When is the most expensive time of year to run air conditioning?
During the summer, electricity prices are frequently at their highest. The cost of electricity varies from minute to minute. Most consumers, on the other hand, pay a price that is determined by the seasonal cost of electricity. Prices fluctuate due to variations in energy demand, generation sources, fuel prices, and power availability. Prices are generally higher in the summer, when total demand is high, because more expensive energy sources must be used to meet the increased demand6.
Because it costs more to distribute electricity to residential and corporate consumers, they often pay the highest electricity bills. Supplying power to industrial clients is more efficient and cost-effective since they use more electricity and may obtain it at higher voltages. As a result, the cost of electricity for industrial users is often close to the wholesale rate. Prices are influenced by the availability of power plants and fuels, as well as local fuel costs and pricing rules7.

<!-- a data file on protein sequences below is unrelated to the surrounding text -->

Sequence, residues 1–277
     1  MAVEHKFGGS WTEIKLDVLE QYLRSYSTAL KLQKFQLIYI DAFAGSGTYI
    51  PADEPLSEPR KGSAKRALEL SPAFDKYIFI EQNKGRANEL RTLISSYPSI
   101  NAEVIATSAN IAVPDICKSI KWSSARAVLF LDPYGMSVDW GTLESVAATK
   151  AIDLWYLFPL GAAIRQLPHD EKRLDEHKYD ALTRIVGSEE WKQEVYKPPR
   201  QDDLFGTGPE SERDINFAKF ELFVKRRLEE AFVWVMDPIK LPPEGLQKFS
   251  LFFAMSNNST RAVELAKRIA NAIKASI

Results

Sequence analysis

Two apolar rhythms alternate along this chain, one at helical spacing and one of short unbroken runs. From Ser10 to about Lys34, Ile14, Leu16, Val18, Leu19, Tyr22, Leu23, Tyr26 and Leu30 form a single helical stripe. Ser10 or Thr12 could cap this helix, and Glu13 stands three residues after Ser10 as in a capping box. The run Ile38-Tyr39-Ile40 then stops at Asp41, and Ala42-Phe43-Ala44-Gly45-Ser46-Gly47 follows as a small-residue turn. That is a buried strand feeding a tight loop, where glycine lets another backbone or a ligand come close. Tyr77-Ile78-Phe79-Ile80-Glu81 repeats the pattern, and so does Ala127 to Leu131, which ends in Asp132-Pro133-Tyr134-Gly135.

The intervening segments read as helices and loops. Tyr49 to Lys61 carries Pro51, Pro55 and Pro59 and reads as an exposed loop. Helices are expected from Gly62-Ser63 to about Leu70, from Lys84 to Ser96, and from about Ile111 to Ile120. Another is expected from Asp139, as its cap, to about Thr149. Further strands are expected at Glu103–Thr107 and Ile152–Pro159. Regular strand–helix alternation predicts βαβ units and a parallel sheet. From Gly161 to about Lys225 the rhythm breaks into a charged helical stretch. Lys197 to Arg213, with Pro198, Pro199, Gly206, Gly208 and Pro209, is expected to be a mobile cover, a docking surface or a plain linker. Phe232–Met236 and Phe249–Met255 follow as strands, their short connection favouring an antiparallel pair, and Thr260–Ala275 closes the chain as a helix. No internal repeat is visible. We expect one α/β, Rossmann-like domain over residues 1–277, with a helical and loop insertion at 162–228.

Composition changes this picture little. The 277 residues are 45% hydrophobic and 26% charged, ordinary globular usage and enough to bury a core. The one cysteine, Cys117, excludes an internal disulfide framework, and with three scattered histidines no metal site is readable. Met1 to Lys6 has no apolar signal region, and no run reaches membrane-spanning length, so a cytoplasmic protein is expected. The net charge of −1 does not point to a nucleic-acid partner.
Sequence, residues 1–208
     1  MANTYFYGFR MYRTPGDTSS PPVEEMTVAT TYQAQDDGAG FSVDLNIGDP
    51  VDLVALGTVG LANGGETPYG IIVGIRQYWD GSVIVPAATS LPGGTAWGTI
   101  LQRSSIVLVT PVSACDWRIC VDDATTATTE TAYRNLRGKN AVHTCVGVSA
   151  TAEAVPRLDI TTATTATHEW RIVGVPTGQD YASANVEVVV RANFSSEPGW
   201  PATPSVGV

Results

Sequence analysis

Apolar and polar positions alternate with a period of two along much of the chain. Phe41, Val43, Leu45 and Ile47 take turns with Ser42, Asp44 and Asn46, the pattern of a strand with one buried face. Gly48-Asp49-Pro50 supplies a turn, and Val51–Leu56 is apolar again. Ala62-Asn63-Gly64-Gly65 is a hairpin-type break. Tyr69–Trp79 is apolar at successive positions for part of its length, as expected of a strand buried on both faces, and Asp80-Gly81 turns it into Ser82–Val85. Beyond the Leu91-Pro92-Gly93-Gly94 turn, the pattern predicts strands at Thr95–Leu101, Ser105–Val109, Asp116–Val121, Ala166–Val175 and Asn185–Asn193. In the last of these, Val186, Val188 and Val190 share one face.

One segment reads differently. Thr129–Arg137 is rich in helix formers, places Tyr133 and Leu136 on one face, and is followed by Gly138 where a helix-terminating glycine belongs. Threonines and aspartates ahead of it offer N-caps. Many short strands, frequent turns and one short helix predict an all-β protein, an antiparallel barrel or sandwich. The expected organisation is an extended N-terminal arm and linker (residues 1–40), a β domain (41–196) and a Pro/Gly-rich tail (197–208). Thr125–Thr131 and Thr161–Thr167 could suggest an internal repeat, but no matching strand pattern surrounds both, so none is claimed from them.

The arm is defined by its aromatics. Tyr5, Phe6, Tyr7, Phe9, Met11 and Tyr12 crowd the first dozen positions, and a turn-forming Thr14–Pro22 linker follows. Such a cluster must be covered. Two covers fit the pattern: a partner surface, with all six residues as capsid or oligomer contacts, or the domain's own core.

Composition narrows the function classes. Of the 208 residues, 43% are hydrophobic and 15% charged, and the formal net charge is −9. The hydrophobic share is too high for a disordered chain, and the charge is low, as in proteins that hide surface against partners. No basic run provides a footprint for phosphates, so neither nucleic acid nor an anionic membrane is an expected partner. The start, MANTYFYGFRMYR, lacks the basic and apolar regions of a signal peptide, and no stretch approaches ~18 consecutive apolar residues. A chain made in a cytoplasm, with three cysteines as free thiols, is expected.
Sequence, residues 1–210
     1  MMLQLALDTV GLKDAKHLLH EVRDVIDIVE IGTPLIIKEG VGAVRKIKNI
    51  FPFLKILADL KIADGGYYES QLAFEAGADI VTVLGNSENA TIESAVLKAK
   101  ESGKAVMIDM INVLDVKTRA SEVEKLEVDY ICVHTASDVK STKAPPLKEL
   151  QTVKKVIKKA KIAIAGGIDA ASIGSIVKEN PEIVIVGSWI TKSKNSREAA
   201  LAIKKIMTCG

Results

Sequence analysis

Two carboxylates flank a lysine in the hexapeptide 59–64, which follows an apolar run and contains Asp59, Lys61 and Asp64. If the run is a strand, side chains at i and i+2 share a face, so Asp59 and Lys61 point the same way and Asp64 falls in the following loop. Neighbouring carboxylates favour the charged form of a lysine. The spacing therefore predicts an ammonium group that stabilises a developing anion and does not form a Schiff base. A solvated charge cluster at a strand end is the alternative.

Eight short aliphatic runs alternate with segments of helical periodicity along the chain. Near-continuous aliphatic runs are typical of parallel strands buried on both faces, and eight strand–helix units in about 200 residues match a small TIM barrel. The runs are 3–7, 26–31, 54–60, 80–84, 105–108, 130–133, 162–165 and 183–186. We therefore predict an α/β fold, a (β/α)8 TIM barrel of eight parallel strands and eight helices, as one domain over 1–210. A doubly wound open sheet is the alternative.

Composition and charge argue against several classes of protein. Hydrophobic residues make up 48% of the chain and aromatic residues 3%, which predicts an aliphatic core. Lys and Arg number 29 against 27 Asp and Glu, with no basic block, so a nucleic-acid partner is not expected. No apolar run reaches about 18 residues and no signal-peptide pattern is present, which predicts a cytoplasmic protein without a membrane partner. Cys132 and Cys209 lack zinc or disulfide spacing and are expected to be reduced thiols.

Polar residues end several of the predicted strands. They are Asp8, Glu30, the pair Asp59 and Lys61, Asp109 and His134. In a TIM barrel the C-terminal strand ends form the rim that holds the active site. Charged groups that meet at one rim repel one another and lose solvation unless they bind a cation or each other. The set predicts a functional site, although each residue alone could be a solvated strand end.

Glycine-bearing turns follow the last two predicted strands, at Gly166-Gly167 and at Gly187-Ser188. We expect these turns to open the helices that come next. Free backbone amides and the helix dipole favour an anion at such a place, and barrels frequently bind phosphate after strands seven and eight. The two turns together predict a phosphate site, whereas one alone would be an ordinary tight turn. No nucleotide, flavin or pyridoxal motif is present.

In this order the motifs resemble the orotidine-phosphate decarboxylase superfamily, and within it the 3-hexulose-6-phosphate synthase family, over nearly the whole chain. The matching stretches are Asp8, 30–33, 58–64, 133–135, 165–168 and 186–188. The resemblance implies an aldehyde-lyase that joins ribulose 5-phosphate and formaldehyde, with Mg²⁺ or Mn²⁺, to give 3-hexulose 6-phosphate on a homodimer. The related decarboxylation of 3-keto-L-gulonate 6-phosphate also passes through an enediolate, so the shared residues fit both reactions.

When is the cheapest time of year to run air conditioning?
Customers are charged more for electricity used during “peak” afternoon hours, when demand is highest. During “off-peak” hours, when demand is minimal, electricity is the most affordable. Overall, the cheapest seasons are fall and spring since energy demand is lower because heaters and air conditioners are utilized less during these months.